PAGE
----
New Interpretation for the Antioch Floor Mosaics Reflect Many Cultural Influences
Situated near the coast of the Mediterranean Sea in present-day Türkiye, the ancient cities of Antioch and Daphne were thriving cultural, business, and political centers between the 1st and 6th centuries. Since the 1940s, fragments of floor mosaics from the homes of cosmopolitan elites of those metropolitan locales have adorned the walls of the Baltimore Museum of Art’s colloquially named Antioch Court. And until the summer of 2022, very little had changed in how the Museum has explained these mosaics to visitors.
As curator Dr. Kevin Tervala, Associate Curator and Department Head for the Arts of Africa, the Americas, Asia, and the Pacific Islands, explained, 20th century art history framed the ancient floor mosaics as stand-ins for Roman painting. So, the mosaics are hung on the walls in the BMA’s Antioch Court like paintings and were given names similar to paintings — like The Striding Lion. But far more problematically, the floor mosaics were serving as a stand-in for all of Roman antiquity.
Antioch was located on the eastern frontier of the Roman Empire, and the city held fast to the Greek cultural ideals that preceded Roman rule more deeply than the other cities that comprised the empire. “Antioch was also greatly influenced by empires to its east—the Sasanian Empire centered on the Iranian Plateau, for example,” Tervala noted. Further, it was a city where traders and travelers congregated, with a populace of Syrians, Greeks, Romans, and people from throughout the Arabian Peninsula. With this history in mind, Tervala asserts, “it really is incorrect to interpret these mosaics solely through a Roman lens—and a Christian one at that.”
So, Tervala and colleagues at the BMA set about researching, writing, and designing new text panels to accompany the mosaics in the Museum, ones that honor the diverse and vibrant life of ancient Antioch and set aside the overdetermined idea of the Roman empire that formed the basis of how the mosaics were interpreted for so long.
Take, for example, the Fragment of floor mosaic depicting beribboned parrots. The new text explains how the design of the mosaic reflects the artistic exchanges between Antioch and the Sasanian Empire. “The motif depicted on the mosaic is a Sasanian one found on textiles, silverwork, and stucco. And the pattern of the parrots—with one row facing one direction, and the next facing another direction—is deeply reminiscent of the sort of silk imported into the Sasanian Empire from China,” Tervala said.
Maps accompanying the new texts place ancient Syria, the historic location of the mosaics, at their center. While Italy and Greece do not appear in these maps, the Iranian Plateau, the Arabian Peninsula, and Egypt do, further underscoring the importance of the people, cultures, and resources of those locations to the mosaics. One small example surfaced in the texts is that while many of the tesserae (cubes) used in the mosaics were sourced from local stone, some of the glass tesserae required minerals mined as far away as Egypt.
Visitors might notice each mosaic label contains a sector location. These sectors reflect the archeological sites from which each mosaic was excavated during the exploration and excavation project undertaken in the 1930s by Princeton University, the Worcester Art Museum, the Musées Nationaux de France, and of course, the BMA, with the approval of the Syrian Antiquities Service. Adding the sectors to the texts is a reminder that these mosaics are fragments of entire floors, of homes and built spaces where people once walked every day. Furthering this, is that each piece is titled to reflect its fragmentary nature. So, The Striding Lion is now called Fragment of floor mosaic depicting a striding lion, birds, and crops.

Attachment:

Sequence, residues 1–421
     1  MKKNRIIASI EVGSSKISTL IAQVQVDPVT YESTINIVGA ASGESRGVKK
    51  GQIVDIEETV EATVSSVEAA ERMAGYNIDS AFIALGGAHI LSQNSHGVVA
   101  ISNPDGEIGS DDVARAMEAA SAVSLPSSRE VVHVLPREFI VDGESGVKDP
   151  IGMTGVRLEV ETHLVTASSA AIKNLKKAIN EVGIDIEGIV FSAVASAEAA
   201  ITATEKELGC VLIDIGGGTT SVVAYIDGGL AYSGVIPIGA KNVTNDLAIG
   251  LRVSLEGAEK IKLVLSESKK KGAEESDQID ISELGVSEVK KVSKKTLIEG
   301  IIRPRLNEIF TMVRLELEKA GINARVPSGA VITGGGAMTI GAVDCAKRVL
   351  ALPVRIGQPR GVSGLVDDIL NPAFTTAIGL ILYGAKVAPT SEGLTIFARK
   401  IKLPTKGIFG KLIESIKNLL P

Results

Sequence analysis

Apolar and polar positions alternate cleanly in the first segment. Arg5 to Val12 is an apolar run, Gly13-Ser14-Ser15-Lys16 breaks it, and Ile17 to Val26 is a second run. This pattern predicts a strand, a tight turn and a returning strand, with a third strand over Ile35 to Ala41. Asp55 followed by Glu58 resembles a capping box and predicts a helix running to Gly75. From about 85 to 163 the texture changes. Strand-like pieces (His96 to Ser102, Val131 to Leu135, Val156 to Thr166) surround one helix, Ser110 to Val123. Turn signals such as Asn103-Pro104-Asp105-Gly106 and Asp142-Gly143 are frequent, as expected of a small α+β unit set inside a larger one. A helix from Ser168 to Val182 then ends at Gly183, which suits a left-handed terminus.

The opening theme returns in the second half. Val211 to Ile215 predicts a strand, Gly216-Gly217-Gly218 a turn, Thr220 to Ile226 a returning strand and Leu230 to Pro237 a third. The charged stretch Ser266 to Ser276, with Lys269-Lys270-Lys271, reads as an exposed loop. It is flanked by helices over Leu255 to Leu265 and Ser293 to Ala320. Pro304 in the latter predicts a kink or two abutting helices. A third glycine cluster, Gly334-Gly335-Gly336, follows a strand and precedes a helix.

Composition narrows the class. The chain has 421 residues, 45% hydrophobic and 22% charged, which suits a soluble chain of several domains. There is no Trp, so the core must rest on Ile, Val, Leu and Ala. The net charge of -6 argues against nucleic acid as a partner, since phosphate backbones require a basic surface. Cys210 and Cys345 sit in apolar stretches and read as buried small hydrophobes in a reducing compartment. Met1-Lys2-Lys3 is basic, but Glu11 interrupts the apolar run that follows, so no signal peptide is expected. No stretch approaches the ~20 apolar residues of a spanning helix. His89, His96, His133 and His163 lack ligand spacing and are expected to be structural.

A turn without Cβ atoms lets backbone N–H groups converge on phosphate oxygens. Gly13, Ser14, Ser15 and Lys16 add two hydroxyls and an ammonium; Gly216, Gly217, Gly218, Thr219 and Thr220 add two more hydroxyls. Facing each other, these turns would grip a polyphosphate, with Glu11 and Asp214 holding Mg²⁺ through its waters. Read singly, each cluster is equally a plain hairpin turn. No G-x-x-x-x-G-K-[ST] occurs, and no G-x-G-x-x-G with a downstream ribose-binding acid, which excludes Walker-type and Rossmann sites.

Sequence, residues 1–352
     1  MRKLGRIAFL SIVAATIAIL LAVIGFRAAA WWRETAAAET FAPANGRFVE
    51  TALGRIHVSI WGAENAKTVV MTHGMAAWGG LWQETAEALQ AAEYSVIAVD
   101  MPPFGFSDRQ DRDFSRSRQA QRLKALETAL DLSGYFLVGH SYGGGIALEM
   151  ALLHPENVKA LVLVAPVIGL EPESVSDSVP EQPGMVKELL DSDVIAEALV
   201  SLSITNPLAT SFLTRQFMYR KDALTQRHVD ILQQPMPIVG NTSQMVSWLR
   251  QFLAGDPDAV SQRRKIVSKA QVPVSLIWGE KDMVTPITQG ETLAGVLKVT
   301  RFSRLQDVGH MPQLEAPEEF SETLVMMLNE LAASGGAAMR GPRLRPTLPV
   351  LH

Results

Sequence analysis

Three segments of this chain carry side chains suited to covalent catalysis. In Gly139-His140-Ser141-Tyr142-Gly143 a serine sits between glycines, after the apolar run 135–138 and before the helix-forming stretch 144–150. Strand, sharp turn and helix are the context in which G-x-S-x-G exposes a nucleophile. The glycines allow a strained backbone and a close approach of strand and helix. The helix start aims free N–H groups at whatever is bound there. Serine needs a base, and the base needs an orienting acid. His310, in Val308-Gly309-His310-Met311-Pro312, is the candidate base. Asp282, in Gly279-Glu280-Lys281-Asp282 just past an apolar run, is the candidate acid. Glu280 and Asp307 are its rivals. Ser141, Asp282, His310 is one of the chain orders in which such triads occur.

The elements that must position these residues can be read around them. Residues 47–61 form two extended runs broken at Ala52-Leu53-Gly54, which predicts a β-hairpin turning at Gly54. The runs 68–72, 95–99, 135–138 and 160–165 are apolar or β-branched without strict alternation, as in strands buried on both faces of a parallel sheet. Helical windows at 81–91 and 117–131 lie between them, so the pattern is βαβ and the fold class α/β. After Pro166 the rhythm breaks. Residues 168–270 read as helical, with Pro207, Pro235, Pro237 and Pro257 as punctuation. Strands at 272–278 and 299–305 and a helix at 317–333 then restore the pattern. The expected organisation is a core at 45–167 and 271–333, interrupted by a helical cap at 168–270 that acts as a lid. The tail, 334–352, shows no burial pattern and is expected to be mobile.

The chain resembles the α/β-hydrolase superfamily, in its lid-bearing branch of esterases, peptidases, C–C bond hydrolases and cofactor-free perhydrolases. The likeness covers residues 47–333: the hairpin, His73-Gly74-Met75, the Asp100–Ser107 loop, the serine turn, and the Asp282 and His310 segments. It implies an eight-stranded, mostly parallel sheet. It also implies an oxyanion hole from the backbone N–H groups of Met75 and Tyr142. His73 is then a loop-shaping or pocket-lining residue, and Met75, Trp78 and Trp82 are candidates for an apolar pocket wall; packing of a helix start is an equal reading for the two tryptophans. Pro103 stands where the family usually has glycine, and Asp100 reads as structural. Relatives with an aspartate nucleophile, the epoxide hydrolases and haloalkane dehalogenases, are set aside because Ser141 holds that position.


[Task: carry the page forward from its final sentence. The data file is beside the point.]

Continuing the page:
Under the guidance of Dr. Asma Naeem, Dorothy Wagner Wallis Director at the BMA, the BMA’s curatorial team continues to work to share with visitors how art defies geopolitical borders and creates real connections between people across space and time. Tervala points out how this is manifested in the new texts for the Antioch Floor Mosaics, saying, “we see that the ancient world was much like our own. It was a globalized space in which people and ideas and artworks were always moving and flowing, irrespective of borders.”
The new texts offer Museum visitors the opportunity to see the Antioch Floor Mosaics with new eyes and connect with them through material history, stories of conservation, archaeology, and, of course, the people who lived with and around them. “The people and gods and patterns that we see in these mosaics are reflective not only of the values and desires of ancient Antiochenes, but they are also reflective of the material and artistic world in which they’ve lived,” Tervala said. “Museum visitors can look at these floor mosaic fragments and understand a larger world that really was not all that different from the one that we live in today.”
(February 10, 2023) We’re heartbroken by the devastating earthquakes that hit Türkiye and Syria this week. The mosaics displayed at our Museum come from Antakya (ancient Antioch), which is among the areas hardest hit. If you enjoy our presentation of mosaics, we hope you’ll consider making a donation to support those affected in the city of their origin. Here’s how to help.